Statistical Analysis

Group data are presented as mean ± SEM. Student t-test was used to determine differences between means. Differences were considered significant at P < 0.05. The SPSS (version 17.0) statistical package was used (SPSS Inc.).

Results

Colistin MIC and Resistance Mechanisms

The MIC for the Col-R A. baumannii and K. pneumoniae strains ranged from 32 to > 256 μg/mL, while those for the susceptible reference strains were 0.5 μg/mL. The analysis of the pmrA, pmrB, mgrB, phoP, and phoQ sequences showed that Col-R A. baumannii strains presented only different amino acids substitution in pmrB (López-Rojas et al., 2016). Col-R K. pneumoniae strains presented IS1 transposase insertion in mgrB or different amino acids substitution in pmrA and pmrB, without substituting amino acid in phoP and phoQ (Table 2).

TABLE 2
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Table 2. Colistin MICs and description of Col-S and Col-R A. baumannii and K. pneumoniae strains used in this study.

In vitro Activity of Niclosamide in Combination With Colistin Against Col-S and Col-R A. Baumannii and K. Pneumoniae

Niclosamide alone or in combination with colistin was tested against reference and clinical Col-S and Col-R A. baumannii and K. pneumoniae strains. The MIC is shown in Table 3. Niclosamide alone showed a range of MIC from 6.25 to 400 μM for Col-S and Col-R A. baumannii strains, and from 400 to >800 μM for Col-S and Col-R K. pneumoniae strains.

TABLE 3
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Table 3. Determination of MIC of niclosamide and colistin alone or in combination against Col-S and Col-R A. baumannii and K. pneumoniae.

Niclosamide at 1, 2, and 4 μM in combination with colistin increased significantly the activity of colistin against all Col-S and Col-R strains. In contrast niclosamide, at 0.5 μM in combination with colistin didn't increased the activity of colistin against most of Col-R A. baumannii. For the rest of experiments, we chose 2 μM as niclosamide optimal concentration.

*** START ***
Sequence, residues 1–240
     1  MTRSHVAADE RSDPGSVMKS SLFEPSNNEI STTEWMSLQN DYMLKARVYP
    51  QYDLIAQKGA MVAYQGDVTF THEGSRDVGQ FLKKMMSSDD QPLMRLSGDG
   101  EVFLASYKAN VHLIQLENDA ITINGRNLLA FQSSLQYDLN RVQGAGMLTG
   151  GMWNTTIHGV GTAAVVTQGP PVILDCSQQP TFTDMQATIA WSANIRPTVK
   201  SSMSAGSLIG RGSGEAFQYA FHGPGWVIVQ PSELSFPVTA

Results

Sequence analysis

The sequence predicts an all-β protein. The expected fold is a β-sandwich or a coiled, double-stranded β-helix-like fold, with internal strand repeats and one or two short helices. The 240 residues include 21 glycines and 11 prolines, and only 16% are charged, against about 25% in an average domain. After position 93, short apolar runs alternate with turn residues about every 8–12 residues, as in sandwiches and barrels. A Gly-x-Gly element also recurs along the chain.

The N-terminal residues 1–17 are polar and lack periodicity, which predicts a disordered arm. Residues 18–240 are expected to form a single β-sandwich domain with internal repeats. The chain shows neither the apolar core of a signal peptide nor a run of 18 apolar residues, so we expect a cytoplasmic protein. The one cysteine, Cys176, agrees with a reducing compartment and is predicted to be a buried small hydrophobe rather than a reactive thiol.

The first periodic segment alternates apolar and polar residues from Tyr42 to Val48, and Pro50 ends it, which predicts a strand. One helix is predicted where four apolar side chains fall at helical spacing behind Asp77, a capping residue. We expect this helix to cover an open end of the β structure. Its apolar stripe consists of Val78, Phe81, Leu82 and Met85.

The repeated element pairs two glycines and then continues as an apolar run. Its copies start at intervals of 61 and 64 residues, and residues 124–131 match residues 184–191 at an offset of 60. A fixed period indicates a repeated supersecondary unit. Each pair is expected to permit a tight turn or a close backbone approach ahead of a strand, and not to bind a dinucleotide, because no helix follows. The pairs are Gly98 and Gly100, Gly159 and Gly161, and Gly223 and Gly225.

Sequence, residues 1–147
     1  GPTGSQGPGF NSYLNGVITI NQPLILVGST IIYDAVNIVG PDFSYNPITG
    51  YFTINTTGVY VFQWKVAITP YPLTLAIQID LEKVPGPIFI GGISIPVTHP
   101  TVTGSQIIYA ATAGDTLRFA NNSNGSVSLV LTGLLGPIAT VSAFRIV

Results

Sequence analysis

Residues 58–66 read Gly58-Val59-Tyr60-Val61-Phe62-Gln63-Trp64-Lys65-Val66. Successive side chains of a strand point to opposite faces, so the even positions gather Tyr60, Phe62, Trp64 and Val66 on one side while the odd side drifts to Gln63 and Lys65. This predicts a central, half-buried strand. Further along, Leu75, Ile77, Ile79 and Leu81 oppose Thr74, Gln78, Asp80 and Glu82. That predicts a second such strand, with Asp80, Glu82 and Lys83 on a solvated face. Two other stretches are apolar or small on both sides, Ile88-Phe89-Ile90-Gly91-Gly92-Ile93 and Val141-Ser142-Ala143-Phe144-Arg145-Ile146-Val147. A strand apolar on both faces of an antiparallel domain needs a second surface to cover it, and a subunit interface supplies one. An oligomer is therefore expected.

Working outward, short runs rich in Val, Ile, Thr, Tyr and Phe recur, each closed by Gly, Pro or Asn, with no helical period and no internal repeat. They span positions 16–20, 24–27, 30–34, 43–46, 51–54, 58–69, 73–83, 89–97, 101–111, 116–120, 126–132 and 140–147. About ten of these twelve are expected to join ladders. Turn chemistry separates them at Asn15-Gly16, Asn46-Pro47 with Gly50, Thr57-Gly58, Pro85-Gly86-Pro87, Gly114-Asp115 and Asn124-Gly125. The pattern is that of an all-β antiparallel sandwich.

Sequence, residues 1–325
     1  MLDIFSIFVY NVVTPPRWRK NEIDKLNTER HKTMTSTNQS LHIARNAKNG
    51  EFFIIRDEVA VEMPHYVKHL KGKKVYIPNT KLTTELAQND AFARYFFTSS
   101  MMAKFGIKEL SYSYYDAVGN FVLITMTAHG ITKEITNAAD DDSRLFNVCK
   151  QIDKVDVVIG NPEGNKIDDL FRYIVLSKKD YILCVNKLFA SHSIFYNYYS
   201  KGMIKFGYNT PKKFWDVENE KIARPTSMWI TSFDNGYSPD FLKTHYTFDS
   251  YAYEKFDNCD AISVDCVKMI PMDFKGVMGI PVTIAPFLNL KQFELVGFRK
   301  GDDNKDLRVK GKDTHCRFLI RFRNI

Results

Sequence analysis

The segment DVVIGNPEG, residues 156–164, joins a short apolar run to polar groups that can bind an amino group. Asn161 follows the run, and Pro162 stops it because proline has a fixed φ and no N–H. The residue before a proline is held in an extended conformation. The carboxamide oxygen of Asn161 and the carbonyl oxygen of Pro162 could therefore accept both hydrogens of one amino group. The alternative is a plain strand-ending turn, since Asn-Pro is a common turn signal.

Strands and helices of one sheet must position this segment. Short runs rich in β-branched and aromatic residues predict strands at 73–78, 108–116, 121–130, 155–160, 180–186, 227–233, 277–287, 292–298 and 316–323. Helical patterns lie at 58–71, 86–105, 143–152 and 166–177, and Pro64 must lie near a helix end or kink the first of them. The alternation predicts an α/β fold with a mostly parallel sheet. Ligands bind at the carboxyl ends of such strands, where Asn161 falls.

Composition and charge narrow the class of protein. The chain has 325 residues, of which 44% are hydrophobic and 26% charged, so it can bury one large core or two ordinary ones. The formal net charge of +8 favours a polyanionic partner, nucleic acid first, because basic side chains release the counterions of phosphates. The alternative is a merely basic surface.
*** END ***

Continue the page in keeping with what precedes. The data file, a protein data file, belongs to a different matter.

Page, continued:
Time-Killing Curves

We examined the ability of niclosamide in combination with colistin to kill Col-S and Col-R A. baumannii strains (ATCC 17978 and #11) and Col-S and Col-R K. pneumoniae strains (CECT 997 and KPc21) in time course assays. Two micromolar niclosamide in combination with 0.25 μg/mL colistin, a colistin sub-MIC of ATCC 17978 strain, showed in the first 4 h no synergistic activity with respect to colistin alone, followed by later synergistic activity decreasing the bacterial cell count by 3.14 log CFU/mL with respect to colistin alone at 24 h (Figure 1A). Combination of 2 μM niclosamide with 8 μg/mL colistin, a colistin sub-MIC of #11 strain, showed higher synergistic activity, decreasing the bacterial cell count with respect to colistin alone by 5.93 log CFU/mL at 24 h (Figure 1A).

FIGURE 1
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Figure 1. Early addition of niclosamide potentiates the colistin activity against Col-S and Col-R A. baumannii and K. pneumoniae strains. Time-kill curves of A. baumannii ATCC 17978 and #11 strains (A) and K. pneumoniae CECT 997 and KPc21 strains (B) in presence of niclosamide (0 or 2 μM), and colistin (sub-MIC) alone or in combination with niclosamide for 24 h. 1 μM of niclosamide correspond to 0.33 μg/ml. Nicl, niclosamide, Col, colistin.